Champs Spotlight: Wins For Ariya, Lexi; Big Shots From Rory, Phil May 9, 2016 By David Shefter and Scott Lipsky, USGA

After several close calls, Ariya Jutanugarn entered the winner's circle on the LPGA Tour for the first time at the Yokohama LPGA Classic. (USGA/Fred Vuich)

Welcome to the LPGA Tour, where U.S. Girls’ Junior champions thrive.

Ariya Jutanugarn (2011) became the fourth Girls’ Junior champion to post a victory during the 2016 season, holding off 2005 U.S.  Women’s Amateur champion Morgan Pressel, Amy Yang and Stacy Lewis by one stroke in the Yokohama Tire LPGA Classic in Prattville, Ala., on Sunday.

Jutanugarn, who defeated Dottie Ardina at Olympia Fields (Ill.) Country Club five years ago, entered the final round with a three-stroke lead. An up-and-down day of four birdies and four bogeys was enough for the 20-year-old from Thailand to collect her first victory on the LPGA Tour. Her final-round 72 gave her a 72-hole total of 14-under 274.

Last week in Irving, Texas, 2006 Girls’ Junior champion Jenny Shin claimed her first LPGA Tour title, in the Volunteers of America Texas Shootout. Lexi Thompson (2008) and Minjee Lee (2012), who beat Jutanugarn in the semifinals en route to her Girls’ Junior title at Lake Merced Golf Club, have also earned victories this season.

In March, Jutanugarn was in position to win the ANA Inspiration, the first women’s professional major championship of the year, only to finish with three consecutive bogeys to place fourth, two strokes behind champion and world No. 1 Lydia Ko, the 2012 U.S. Women’s Amateur champion. It was one of three top-10 finishes posted by Jutanugarn this season before her breakthrough win on Sunday.

“So tough,” said Jutanugarn, who became the first player from Thailand to win on the LPGA Tour, of her emotions as she closed out the victory. “My legs were shaking, my hands were shaking.”

Three additional USGA champions joined Jutanugarn in the top 10. Lee and 2001 U.S. Women’s Amateur Public Links champion Candie Kung tied for sixth, while 2011 U.S. Women’s Open champion So Yeon Ryu tied for 10th.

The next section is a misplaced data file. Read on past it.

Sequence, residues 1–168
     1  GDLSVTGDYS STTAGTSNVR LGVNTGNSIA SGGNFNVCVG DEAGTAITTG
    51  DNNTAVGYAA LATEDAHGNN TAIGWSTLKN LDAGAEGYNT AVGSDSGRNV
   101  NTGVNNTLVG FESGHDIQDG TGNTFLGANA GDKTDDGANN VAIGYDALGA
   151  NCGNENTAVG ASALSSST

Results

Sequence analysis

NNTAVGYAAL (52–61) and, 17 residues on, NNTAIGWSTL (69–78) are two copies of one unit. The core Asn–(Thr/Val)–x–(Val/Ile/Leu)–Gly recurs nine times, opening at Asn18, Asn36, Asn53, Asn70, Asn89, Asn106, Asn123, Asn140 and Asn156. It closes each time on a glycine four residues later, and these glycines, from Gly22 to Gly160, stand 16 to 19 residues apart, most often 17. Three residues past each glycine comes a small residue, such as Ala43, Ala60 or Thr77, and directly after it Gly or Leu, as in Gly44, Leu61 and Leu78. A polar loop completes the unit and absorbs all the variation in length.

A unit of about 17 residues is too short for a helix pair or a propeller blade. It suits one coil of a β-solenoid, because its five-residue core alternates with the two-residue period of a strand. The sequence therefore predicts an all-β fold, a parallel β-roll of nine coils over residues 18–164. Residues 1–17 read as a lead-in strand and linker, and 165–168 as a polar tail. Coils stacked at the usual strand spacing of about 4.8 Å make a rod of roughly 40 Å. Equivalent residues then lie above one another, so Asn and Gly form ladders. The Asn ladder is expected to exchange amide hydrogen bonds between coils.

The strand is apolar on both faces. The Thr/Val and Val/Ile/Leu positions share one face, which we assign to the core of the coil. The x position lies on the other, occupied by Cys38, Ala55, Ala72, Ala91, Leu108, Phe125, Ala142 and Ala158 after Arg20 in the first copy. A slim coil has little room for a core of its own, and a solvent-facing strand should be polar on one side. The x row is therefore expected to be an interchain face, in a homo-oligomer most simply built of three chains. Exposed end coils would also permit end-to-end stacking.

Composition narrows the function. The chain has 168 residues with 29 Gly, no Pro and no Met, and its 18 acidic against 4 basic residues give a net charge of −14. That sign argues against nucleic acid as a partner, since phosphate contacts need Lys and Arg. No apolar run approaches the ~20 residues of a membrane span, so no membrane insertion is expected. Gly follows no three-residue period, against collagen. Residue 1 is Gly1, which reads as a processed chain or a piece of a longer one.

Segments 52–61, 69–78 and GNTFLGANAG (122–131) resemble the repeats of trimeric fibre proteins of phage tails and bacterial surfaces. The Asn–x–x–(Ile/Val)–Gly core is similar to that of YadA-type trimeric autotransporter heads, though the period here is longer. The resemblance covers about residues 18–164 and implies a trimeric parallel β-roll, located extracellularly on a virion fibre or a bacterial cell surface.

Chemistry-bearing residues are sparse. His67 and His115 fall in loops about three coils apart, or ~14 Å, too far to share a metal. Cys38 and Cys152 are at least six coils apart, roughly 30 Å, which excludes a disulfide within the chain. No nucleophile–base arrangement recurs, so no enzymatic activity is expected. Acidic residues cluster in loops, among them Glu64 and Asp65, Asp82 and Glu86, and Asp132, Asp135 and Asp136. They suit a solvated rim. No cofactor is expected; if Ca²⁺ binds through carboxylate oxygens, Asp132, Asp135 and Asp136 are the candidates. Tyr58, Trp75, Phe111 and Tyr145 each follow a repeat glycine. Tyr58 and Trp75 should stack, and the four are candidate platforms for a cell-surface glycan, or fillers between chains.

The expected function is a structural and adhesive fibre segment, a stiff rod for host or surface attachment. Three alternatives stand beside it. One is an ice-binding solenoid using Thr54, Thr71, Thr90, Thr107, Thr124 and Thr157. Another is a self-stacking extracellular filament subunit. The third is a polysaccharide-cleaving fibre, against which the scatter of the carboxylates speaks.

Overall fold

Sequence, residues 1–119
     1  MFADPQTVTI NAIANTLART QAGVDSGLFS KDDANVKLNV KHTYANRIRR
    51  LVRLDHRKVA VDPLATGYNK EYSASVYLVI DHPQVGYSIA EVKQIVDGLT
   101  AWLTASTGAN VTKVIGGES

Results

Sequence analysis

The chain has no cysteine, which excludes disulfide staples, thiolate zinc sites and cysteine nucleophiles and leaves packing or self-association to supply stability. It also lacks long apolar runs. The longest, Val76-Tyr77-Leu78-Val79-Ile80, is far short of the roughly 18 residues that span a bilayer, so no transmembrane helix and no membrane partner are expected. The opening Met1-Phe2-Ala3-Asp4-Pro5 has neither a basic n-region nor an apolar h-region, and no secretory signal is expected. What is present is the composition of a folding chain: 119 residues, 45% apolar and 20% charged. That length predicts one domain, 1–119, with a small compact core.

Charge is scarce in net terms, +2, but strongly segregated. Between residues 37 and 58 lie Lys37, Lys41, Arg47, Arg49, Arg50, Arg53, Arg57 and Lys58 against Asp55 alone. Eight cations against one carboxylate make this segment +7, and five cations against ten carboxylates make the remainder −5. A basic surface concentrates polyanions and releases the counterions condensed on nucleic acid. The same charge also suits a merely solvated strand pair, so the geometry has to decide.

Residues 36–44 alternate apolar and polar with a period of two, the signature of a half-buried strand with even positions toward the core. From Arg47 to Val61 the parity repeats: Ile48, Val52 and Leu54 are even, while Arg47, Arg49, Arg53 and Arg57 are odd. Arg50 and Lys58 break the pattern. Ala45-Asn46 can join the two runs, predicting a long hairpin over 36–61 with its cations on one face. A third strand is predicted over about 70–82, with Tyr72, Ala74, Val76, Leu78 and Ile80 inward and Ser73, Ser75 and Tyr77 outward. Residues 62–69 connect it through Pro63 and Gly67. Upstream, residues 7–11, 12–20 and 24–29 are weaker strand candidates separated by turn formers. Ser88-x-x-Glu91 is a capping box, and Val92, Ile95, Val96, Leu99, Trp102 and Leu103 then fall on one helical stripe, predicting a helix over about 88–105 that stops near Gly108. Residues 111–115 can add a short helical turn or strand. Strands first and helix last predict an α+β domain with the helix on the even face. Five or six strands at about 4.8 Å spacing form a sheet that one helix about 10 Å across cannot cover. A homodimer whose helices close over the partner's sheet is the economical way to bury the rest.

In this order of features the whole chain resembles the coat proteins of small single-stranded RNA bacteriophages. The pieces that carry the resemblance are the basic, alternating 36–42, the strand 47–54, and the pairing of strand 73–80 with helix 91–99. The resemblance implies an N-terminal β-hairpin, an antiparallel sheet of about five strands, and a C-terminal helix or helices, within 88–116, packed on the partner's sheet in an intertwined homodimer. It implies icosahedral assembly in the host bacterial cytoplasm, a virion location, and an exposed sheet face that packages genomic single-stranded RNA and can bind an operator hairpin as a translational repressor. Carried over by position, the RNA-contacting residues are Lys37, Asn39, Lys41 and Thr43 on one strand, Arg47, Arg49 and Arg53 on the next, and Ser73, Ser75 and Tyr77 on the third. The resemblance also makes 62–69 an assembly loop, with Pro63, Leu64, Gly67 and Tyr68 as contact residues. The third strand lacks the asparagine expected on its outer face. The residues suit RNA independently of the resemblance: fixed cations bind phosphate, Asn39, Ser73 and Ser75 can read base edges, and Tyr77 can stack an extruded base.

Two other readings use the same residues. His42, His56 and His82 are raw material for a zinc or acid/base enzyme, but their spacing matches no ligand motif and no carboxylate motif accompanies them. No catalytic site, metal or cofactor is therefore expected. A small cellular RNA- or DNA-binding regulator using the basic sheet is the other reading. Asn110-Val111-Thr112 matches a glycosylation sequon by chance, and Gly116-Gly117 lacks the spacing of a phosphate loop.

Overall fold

USGA Champs Dot Leader Board at Quail Hollow

In the end on Sunday, it wasn’t a USGA champion that lifted the trophy at the PGA Tour’s Wells Fargo Championship at Quail Hollow Club in Charlotte, N.C., but half of the top-10 finishers have their names inscribed in the Hall of Champions at the USGA Museum.

A par on the first playoff hole gave James Hahn his second Tour victory, topping Roberto Castro. Were it not for a pair of late bogeys, 2013 U.S. Open champion Justin Rose may have joined them for extra golf.

Entering the final round two strokes behind 54-hole leader Rickie Fowler, Rose took the outright lead after a birdie on the par-5 fifth hole and was tied with Hahn and Castro with seven holes to play before carding the first bogey of his round on No. 12. A three-putt bogey from about 18 feet on No. 16 all but ended his chances of claiming his first Tour victory of 2016. Rose ultimately finished alone in third place, one shot out of the playoff.

Among the four players to share fourth place were 2011 U.S. Open champion Rory McIlroy and Phil Mickelson, who claimed the 1990 U.S. Amateur title. Tough rounds on Saturday took both players out of serious contention heading into the final round, but each fired 66 on Sunday to climb up the leader board. It was a shot on Saturday during McIlroy’s 73, however, that had everyone talking.

Mickelson, meanwhile, used his famed brilliance around the greens to help rebound from his third-round 76, which included a quadruple-bogey 8 on his final hole.

Lucas Glover, the 2009 U.S. Open champion, and Danny Lee, 2008 U.S. Amateur champion, finished eighth and tied for ninth, respectively.

Lexi Tops in Japan

U.S. Girls’ Junior champion Lexi Thompson collected her ninth professional victory on Sunday, claiming the World Ladies Championship Salonpas Cup, a major on the Japan LPGA Tour. Thompson, who was a member of the victorious 2010 USA Curtis Cup Team, fired weekend rounds of 65-72 on the East Course at Ibaraki Golf Club to finish at 13-under 275, two strokes ahead of Ayaka Watanabe, of Japan.

David Shefter is a senior staff writer for the USGA. Email him at Scott Lipsky is the manager of websites and digital platforms for the USGA. Email him at  

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